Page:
And so in the story first of all there is the king – the one who wants to settle his accounts, and then there is the slave who owes the king some money,  – but there are also his wife and his children, and whatever he does and the king does will affect them.   And then there is the other slave – the one who owes money to the first slave, and then there are the fellow slaves who look on and are angry ……  everyone is involved, everyone is affected, and every person has a role to play.  And it seems to me that what really matters is not who is right or wrong, not who is guilty and owes money or doesn’t, what really matters in this kingdom of heaven that Jesus is describing is whether or not they are able to sympathise with other people – even when they are wrong.   The King feels sorry for the slave and his family – the other slaves feel sorry for the slave who has not has his debt forgiven,  but the first slave does not feel sorry for anyone, except himself  – he doesn’t even seem to care much about his own wife and children– after all he was the one who got them into this predicament – and he certainly doesn’t feel any sympathy for the slave who owes him money – he is the weak link in Jesus’s kingdom.  He is the one who breaks down a system which could have worked … how different the whole story would have been if the first slave had generously forgiven the second slave just as he himself had been generously forgiven by the king.

But then Jesus does say those harsh words: ‘his lord handed him over to be tortured until he would pay his entire debt. So my heavenly Father will also do to every one of you, if you do not forgive your brother or sister from your heart.”

back to guilt…..  if we don’t forgive – and none of us truly forgive everything always -  then we will be punished by God.   But no …. it ain’t necessarily so .

The Bible is Good News, and it is not good news if we are to be handed over to the torturers with everyone else who has never forgiven.  And God is good and forgiving and does not desire the death of a sinner.   So what it going on.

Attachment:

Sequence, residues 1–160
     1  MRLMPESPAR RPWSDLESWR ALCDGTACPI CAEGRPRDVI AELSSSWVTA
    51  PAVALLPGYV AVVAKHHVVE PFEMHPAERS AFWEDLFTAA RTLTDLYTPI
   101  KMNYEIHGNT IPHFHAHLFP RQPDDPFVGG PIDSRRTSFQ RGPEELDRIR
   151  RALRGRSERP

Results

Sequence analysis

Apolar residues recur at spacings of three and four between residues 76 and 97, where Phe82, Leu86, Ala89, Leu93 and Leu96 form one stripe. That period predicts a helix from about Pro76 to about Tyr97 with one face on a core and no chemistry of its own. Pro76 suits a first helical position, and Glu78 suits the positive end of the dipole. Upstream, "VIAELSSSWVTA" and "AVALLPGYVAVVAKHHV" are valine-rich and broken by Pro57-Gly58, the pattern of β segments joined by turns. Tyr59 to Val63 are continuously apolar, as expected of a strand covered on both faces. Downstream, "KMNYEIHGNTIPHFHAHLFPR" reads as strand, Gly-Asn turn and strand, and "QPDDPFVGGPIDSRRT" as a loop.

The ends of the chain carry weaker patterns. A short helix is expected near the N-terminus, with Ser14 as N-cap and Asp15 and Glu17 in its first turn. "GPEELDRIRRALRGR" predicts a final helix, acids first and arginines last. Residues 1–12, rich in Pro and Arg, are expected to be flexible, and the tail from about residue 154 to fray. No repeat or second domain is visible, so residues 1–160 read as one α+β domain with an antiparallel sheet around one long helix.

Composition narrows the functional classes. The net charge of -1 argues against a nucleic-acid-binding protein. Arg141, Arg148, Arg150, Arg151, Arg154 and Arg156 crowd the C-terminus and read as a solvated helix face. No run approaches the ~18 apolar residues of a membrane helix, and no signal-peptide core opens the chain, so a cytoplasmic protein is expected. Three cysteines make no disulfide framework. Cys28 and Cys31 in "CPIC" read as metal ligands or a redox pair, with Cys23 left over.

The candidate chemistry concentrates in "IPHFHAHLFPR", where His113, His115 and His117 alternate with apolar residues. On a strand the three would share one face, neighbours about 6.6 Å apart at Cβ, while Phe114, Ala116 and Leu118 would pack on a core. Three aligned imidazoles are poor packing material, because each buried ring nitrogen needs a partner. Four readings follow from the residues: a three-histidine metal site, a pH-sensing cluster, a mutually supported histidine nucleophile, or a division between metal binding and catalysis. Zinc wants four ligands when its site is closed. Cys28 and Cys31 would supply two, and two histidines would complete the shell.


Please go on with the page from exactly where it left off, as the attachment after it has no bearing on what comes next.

Well whenever I read a sentence like this one … So my heavenly Father will also do to every one of you, if you do not forgive your brother or sister from your heart.”   I do not think it means that God will punish us when we die for all the wicked things we have done and for all the evil things we have not done.   I think that when we die God will forgive us …. but I think that if we do not forgive our brother and sister from our heart … then the punishment begins now, while we are still alive.  Just as the slave had the choice to live freely in a generous and forgiving world, and he blew it by his selfishness, so we do as well, every day, have the choice to live freely in a generous and forgiving world, or we can lose it by selfishness, unforgiveness, by failing to imagine what other people are feeling, to empathise with them and see them as human beings just like us.  The choice is ours – one way leads to a wonderful kingdom of heaven,  where God’s will is done on earth as it is in heaven,  the other way leads to torture and punishment until the last issue is untangled and sorted.   Whether it is our personal selfishness and unforgiveness, or whether it is the massive selfishness and unforgiveness of countries against each other, races against each other, peoples against each other.  Day by day – the Bible tells us – we have the choice.  Forgive, sympathise with other people, love them  and the earth … or destroy yourselves.  That is the choice.  Jesus’s parable is stark. It is not about making us feel guilty and scared.  It is about helping us to understand that the better way, really is the better way .. that the Kingdom of heaven is the only way that works.

The Very Rev’d Paul Kennington